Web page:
Why CFE? What is the underlying rationale behind CFE? Is it, as Tri Johnny now at #12 says, that CFE adherents don't "like" to go long and hard? Is CFE nothing but a cop-out, an easier path, somehow less honorable, righteous, or karmically pure than simply trudging along day after day piling up mileage? Is this a religious, faith-based discussion or is it one to which we can apply science?

My bid is that the CFE discussion is exaclty the same discussion as the CF discussion, namely that there might be another way, one that can be supported by both empirical evidence and underlying science.

How about a discussion of the pros and cons of both sides of the endurance question? Let's not indulge in any endurance bashing or endurance athlete bashing today, no discussion of the core difference in fitness type/extent between the "pure" endurance athlete and the athlete who trains "pure" GPP a la Crossfit.

Let's assume that the athlete in question wishes to go long, on occasion or in competition, or wishes to go have fitness in the long endurance domain. What are the pros and cons of a CFE program vs. a "classic" distance program? What science do we have to back up each? ("I think" and "I feel" isn't science). Remember that not only is CFE really young, but in essence so is the underlying concept of CF, that training at high intensity brings fitness across multiple time domains. Heck, I think the addition of the CFE anaerobic WOD to the option of doing the Main Page WOD is less than a year old.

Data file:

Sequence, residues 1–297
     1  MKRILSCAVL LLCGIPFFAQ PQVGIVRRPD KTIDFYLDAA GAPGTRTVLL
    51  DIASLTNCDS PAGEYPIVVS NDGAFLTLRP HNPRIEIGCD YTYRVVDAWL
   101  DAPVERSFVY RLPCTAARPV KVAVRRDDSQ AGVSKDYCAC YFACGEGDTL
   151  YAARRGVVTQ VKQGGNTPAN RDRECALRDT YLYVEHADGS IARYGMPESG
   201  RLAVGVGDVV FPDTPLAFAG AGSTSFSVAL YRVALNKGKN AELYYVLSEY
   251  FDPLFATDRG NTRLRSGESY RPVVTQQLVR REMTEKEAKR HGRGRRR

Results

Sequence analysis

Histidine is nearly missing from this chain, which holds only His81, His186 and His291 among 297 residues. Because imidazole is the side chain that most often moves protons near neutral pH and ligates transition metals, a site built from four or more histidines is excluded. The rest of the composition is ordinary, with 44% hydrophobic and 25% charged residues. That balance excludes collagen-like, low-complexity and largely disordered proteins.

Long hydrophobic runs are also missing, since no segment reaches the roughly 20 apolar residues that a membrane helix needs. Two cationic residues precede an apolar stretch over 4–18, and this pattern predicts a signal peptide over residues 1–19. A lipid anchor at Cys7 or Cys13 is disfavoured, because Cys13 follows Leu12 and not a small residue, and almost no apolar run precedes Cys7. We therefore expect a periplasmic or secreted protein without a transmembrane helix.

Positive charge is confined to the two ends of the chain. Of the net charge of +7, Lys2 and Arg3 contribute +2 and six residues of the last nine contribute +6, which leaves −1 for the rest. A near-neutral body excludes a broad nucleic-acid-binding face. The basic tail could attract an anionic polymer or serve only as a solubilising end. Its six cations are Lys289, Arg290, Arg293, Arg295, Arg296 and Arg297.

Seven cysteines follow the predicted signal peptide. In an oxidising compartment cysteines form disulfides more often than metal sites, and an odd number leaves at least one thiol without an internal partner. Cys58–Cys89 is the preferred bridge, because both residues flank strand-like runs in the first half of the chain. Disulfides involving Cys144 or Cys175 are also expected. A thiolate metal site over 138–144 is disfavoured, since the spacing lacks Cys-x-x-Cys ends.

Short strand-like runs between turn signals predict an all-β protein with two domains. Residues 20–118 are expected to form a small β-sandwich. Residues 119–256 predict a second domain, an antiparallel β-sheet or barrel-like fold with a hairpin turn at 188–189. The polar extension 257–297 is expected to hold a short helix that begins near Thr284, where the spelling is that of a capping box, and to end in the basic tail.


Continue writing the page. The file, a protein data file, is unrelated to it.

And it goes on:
FWIW, I think Tri Johnny is wrong. BMack and the other folks who do CFE really do like to go long and hard--that's why they do this stuff.

Comment #24 - Posted by: bingo at August 27, 2010 5:30 AM

Great photo!

Comment #25 - Posted by: mike at August 27, 2010 5:30 AM

Hey guys. I am a high school athlete. I got into cf over the summer and I loved it. I can tell it has made me stronger and faster by the way I play now.
My problem is that w/ school sports starting( soccer basketball track) i don't want to burn myself out for my sports by still doin cf. Does anyone have any suggestions on how I can still do cf workouts during the season without wearing myself down?

Comment #26 - Posted by: Ad at August 27, 2010 5:59 AM

Home on leave and wanted to go try out my first affiliate yesterday because there isn't one where I live. The guy wouldn't let me workout...... lame.

Comment #27 - Posted by: Law at August 27, 2010 6:22 AM